About 30% of all injuries, and 35-40% of all fatal injuries, occur in the dark. The increased accident hazard in the dark depends on many factors, the principal one being reduced visibility. Remedial measures can relate either to road users, vehicles or the road itself (stationary lighting). One method of determining the best lighting quality is analysis of the need for visual information, and another subjective appraisal. Lighting must enable road users to see an obstacle on or near the road, and also the line of the road. There must be a certain difference in luminance between an obstacle and the background, for it to be seen. The mean luminance of the carriageway on motorways should normally be 2 cd/m squared, and on lesser roads 0.5 cd/m squared. Luminance must also be uniform; uniformity is satisfactory if lmin/lmed > 0.4; for motorways and major roads, lmin/lmax should be greater than or equal to 0.7. Road lighting must not cause glare; fittings are a mixture of cut-off, semi-cut-off and non-cut-off types. There must also be visual guidance so that the road user has constant information on alignment and areas where conflicts with other road users may arise. /TRRL/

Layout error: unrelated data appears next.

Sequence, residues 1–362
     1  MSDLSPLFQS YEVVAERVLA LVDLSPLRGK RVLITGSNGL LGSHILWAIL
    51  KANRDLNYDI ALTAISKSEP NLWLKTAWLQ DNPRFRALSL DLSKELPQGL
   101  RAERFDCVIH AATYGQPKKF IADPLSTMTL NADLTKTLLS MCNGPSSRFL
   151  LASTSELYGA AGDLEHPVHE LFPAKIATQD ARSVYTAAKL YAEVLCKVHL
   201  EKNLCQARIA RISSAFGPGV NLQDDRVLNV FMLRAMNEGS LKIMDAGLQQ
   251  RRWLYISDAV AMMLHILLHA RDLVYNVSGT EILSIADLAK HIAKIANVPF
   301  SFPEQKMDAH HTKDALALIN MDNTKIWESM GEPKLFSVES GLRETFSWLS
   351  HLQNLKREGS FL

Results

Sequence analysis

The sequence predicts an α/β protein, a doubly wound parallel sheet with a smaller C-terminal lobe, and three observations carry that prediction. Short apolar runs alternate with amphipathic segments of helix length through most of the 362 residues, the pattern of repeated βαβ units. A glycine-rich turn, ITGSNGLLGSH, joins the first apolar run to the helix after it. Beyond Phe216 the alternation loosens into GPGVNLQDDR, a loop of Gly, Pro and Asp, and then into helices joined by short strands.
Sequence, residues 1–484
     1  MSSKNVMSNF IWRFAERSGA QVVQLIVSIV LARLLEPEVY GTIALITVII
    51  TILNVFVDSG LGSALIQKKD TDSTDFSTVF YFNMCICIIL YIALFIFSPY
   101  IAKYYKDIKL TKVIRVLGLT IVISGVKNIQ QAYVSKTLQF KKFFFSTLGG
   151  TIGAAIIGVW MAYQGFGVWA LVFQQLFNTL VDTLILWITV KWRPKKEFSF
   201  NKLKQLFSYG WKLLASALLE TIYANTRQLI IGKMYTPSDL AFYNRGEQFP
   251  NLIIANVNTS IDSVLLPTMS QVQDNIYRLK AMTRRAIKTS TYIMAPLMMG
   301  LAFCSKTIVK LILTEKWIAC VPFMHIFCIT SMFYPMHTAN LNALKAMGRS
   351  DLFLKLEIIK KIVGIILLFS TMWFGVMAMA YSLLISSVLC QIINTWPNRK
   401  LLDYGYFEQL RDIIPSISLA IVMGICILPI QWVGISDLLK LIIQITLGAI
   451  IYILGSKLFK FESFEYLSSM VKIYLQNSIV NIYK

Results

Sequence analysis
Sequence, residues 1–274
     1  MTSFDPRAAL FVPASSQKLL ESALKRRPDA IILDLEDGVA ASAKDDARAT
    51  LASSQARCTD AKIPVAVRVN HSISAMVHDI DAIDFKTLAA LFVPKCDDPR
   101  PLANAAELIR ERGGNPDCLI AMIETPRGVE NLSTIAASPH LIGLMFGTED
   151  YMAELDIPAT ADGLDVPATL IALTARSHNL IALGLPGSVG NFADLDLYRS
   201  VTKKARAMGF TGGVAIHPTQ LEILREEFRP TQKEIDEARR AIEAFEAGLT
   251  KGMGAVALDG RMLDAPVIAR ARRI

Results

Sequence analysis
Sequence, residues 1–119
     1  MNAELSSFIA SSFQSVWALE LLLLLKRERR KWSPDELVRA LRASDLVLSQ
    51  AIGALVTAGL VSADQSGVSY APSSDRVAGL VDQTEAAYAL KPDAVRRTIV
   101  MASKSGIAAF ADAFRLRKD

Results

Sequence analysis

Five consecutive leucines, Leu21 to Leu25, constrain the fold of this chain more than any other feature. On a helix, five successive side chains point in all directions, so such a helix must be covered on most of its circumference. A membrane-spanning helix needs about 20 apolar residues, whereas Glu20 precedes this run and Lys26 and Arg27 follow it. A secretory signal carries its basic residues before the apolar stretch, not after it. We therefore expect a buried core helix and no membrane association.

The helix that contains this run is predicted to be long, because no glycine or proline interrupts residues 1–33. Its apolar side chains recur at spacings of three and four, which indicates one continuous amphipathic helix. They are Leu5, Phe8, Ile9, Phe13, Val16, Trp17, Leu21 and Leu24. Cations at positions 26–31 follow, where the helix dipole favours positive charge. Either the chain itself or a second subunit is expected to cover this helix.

• Availability:
  • Corporate Authors:

    Svenska Vag-Och Vattenbyggaren Riksforband

    Regeringsgaten 98
    S-11139 Stockholm,   Sweden 
  • Authors:
    • Hedman, K O
  • Publication Date: 1974


  • Swedish

Media Info

  • Features: Figures; Photos; References;
  • Pagination: 4 p.
  • Serial:
    • Vag-Och Vattenbyggaren
    • Issue Number: 5
    • Publisher: Svenska Vag-Och Vattenbyggaren Riksforband
    • ISSN: 0042-2177

Subject/Index Terms

Filing Info

  • Accession Number: 00125153
  • Record Type: Publication
  • Source Agency: Swedish National Road and Traffic Research Institute
  • Files: ITRD, TRIS
  • Created Date: Nov 18 1975 12:00AM